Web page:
If you was looking for 12m worth of building works & renovations etc then you will be looking for ever !

As is always the case with these types of initiatives much of the dough will have been dispersed among the sundry services like surveyors, lawyers, accountants, heritage “specialists” and that’s just when the project is broadly legit ! When scammers get on board the capacity for “soaking away” funds increases geometrically, so if that is the case at Aberteifi then it’s likely that only a few bags of cement, some rock and a few tools were the sum total of the “direct” costs ! No doubt someone will come up with a set of accounts ( where a participant’s new extension or conservatory may have been skilfully tagged on )

We shall see !


RE: Fforest chief’s earlier comment, bile pizza probably describes accurately the compost you serve up to unsuspecting customers

Ianto Phillips

With a hygiene rating of 3 “**Three**!”, bodily fluids are probably the least disgusting things in the pizza.


hey Jac!

thanks for all the free plugs.

If you can ever prise yourself out of the web-search armchair, and find yourself in Cardigan, drop by for a bile pizza. probably made and served by one of the many bright welsh young people we employ. They’re the future.


james, fforestchief.


any links here to Welsh Labour ? This guy has all the symptoms of a 3rd sector grant guzzler/ fund sponger with top drawer Anglo Brit credentials to round it off.


That Mr Lynch mentioned above.

and while on matters cultural can we hope that Mr Ian Jones is getting ready to put in maximum effort to fight off combined weight of BBC and Tory government

S4C boss calls for ‘full negotiations’ to start on the broadcaster’s future funding and pushes for a ‘cash-flat’ deal – Wales Online

They will both do their best to squeeze the remaining juice out of S4C, which will give us a S”1 and 1/2″C by the time the bastards are finished if they have their own way on matters.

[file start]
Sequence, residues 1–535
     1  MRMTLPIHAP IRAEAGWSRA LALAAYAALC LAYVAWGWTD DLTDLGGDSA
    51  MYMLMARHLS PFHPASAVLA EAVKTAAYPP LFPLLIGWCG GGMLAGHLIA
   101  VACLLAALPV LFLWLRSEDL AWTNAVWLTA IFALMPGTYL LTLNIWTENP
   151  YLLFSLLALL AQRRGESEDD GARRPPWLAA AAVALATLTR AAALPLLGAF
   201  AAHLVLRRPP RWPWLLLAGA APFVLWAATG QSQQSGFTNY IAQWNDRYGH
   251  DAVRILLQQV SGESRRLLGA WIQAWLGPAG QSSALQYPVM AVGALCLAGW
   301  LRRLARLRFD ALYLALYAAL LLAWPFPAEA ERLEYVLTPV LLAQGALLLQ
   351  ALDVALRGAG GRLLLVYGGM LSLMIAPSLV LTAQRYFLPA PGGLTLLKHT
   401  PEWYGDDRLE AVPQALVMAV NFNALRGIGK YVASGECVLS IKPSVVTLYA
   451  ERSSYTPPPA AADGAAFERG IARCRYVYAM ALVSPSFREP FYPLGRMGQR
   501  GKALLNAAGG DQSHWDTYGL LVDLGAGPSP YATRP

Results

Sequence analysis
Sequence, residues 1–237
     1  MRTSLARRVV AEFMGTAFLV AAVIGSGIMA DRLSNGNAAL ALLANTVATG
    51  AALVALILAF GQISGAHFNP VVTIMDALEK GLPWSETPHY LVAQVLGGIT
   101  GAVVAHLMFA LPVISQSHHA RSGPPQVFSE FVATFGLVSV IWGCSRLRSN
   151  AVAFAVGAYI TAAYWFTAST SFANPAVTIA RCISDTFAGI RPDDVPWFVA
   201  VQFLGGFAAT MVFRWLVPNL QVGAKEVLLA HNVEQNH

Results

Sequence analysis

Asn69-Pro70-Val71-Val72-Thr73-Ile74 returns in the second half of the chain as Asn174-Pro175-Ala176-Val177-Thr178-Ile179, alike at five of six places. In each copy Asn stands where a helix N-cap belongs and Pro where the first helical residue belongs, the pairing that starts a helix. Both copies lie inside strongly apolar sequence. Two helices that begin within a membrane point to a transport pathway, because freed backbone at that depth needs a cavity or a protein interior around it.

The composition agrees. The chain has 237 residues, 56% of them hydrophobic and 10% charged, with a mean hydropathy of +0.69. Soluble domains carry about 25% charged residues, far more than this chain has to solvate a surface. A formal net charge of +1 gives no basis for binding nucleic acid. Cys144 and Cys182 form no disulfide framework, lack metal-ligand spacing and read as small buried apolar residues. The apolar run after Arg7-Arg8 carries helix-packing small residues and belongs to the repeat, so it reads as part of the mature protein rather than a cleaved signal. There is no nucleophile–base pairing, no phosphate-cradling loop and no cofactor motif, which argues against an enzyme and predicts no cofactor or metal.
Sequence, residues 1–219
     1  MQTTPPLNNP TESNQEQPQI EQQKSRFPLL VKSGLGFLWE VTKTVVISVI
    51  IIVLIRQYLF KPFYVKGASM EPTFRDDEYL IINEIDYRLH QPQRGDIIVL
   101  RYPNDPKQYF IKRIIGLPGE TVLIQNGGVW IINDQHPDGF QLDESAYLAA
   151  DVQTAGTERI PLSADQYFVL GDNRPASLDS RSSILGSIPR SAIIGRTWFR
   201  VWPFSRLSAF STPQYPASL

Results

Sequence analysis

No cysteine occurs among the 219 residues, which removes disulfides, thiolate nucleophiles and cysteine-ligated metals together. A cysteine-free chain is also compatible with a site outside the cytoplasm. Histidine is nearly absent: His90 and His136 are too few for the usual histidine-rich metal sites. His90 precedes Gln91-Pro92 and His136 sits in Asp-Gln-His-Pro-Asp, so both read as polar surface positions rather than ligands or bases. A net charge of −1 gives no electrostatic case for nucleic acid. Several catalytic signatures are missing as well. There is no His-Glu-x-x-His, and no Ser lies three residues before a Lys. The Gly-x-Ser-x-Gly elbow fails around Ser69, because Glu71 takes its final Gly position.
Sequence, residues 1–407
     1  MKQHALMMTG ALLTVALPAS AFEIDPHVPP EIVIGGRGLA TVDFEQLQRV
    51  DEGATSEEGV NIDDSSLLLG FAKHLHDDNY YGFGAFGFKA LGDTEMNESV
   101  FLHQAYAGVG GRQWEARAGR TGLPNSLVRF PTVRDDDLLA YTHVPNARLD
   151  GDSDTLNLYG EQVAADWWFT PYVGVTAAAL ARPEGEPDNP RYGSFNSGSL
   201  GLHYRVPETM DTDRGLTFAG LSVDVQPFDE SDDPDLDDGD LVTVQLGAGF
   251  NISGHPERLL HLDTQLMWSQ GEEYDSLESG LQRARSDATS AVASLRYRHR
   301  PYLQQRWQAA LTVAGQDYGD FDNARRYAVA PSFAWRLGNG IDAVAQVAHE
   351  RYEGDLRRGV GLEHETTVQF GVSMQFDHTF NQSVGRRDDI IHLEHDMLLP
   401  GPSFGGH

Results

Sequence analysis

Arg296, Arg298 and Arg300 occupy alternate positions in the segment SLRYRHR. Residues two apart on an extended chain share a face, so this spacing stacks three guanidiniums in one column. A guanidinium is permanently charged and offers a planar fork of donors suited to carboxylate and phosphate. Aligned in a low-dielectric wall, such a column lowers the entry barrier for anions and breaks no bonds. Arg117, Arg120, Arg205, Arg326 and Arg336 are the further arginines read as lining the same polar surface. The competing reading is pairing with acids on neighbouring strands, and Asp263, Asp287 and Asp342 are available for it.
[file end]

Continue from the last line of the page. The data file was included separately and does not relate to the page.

Previous bright welsh young person

Previous bright welsh young person here. Elitist BS was far too depressing for me.

Can’t belive this freemason style clique has moved in on the sight of the first eisteddfod. The world can be a bitter place and even in the backwaters of west wales, corruption and cancerous moral criminals get to re-establish gentrification of locals and buy out their heritage.


If the best these bright young Welsh people can aspire to is working in a pizza bar then it’s a sad reflection on how communities throughout “our” country are being changed by the influx of self righteous arseholes from England inflicting their will on a foreign land like they have done throughout the world and have become hated for it. Where the hell have all the local jobs gone these days? The sooner we get out of the UK and the EU the better in my opinion.

Apologies to all except james (who looks like he is too ignorant to spell his own name with a capital letter) for this non constructive rant


“A bit less claret and a bit more clarity” (or in your case ‘pizza’) would be welcomed fforestchief. Do tell us a little more about your jaunt over Offa’s Dyke and what you hope to gain from the raid – apart from employing “many bright welsh young people” in your pizza parlour – for fear that the natives might tread a more lucrative path to future success.


I would not recommend cold pizza.
Hot ones attract VAT.

A business employing ‘many people’ would be well above the registration threshold. I have assumed when you use the term ‘we’ that you are the employer of these staff. All of the advertising I have seen both online and in print does not display a VAT registration number.

Perhaps you can clear this matter up in relation to the Pizza Tipi Company Ltd, James. You are the sole director. Please reveal it, if only for the piece of mind of your own staff and customers.

I do hope you manage to improve the rather disappointing ‘3’ rating for Food Hygiene.